All Articles Tagged "childless"
Do women feel more social pressure to become mothers?
According to one recent study, it depends. The study, which was conducted from a national survey of nearly 1,200 American women of reproductive ages, but with no children, says women who choose to be permanently child-free perceive more social pressures to become mothers; however, they are also less distressed about their choice than women who are childless from infertility or other reasons.
Well duh! Did we really need a study to let us know that women do not all share the same goals, values and opinions in life? And better yet, that women who made the choice to stay childless, more than likely won’t feel bad about themselves not being a mother than those women who want to conceive but can’t? Likewise, who are these horrible people knowingly bringing up the “baby issue” with a woman with infertility problems? However, there is one caveat to this study worth noting: Hispanic and African-American women were least likely to be voluntarily child-free and were more likely to have “biomedical fertility barriers” such as infertility. That pattern was the opposite for white women.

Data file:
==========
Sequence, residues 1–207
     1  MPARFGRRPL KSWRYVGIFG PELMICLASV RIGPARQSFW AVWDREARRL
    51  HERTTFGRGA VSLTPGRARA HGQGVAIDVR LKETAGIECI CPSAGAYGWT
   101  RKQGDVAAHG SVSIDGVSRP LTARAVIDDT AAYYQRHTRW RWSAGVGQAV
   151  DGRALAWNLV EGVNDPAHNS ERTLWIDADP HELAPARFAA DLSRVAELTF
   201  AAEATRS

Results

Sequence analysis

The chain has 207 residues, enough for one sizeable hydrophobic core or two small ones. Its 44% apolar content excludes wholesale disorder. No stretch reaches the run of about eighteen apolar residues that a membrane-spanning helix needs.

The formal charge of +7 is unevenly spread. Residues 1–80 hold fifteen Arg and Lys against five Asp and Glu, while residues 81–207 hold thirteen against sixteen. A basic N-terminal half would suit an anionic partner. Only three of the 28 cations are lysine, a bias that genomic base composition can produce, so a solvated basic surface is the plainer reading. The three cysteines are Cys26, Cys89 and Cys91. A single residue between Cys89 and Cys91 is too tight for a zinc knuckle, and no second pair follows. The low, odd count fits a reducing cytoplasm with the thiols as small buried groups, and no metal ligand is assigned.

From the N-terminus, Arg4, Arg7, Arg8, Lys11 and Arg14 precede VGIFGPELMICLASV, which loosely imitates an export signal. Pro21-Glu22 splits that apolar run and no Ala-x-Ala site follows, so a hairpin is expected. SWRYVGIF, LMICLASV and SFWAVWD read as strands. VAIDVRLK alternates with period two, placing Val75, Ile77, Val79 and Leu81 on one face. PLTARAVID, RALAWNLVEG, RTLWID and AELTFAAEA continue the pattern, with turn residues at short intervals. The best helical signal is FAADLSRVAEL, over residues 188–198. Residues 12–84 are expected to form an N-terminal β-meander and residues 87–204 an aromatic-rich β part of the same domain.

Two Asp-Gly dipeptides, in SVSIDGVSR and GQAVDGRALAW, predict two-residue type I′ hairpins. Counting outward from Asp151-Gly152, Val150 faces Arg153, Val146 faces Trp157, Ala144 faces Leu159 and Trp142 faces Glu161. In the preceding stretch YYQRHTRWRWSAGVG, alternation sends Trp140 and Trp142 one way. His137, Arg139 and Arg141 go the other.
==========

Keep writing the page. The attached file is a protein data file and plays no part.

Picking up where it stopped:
In other words, the black and Hispanic women surveyed of reproductive age actually desire children, however because of fertility issues, they couldn’t conceive whereas white women were more likely to voluntarily be childless, thus not concerned about social pressures to procreate. I found this interesting because I have long suspected that black women were more receptive and beholding to traditional gender roles including motherhood.